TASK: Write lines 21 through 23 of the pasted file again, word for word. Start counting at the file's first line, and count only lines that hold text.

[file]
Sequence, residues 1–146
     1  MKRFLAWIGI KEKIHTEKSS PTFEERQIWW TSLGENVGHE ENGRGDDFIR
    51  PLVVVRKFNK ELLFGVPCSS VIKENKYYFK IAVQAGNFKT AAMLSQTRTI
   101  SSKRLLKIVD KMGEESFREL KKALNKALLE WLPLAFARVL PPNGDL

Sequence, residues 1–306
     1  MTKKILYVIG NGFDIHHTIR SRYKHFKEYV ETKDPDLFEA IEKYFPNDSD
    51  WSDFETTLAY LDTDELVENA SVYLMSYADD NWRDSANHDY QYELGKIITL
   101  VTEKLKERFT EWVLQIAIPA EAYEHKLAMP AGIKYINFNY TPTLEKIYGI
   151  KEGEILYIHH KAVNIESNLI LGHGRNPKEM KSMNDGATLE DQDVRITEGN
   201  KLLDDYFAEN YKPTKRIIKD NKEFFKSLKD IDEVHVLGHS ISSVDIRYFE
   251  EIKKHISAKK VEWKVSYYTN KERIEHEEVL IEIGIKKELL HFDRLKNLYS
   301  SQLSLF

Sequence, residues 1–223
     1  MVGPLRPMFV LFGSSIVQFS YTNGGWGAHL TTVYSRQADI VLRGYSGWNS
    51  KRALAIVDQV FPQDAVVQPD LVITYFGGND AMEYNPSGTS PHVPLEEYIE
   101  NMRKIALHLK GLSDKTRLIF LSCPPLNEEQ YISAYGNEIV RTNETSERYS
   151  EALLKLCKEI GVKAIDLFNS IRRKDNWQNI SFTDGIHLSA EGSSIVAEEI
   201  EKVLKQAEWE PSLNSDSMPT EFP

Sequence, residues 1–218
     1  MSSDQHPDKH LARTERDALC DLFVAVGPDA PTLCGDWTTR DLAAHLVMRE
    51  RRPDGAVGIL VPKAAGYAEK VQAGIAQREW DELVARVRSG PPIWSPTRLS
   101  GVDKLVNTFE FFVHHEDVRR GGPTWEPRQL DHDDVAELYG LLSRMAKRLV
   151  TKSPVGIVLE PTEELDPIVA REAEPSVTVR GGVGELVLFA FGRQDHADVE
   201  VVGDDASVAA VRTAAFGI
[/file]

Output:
    51  RRPDGAVGIL VPKAAGYAEK VQAGIAQREW DELVARVRSG PPIWSPTRLS
   101  GVDKLVNTFE FFVHHEDVRR GGPTWEPRQL DHDDVAELYG LLSRMAKRLV
   151  TKSPVGIVLE PTEELDPIVA REAEPSVTVR GGVGELVLFA FGRQDHADVE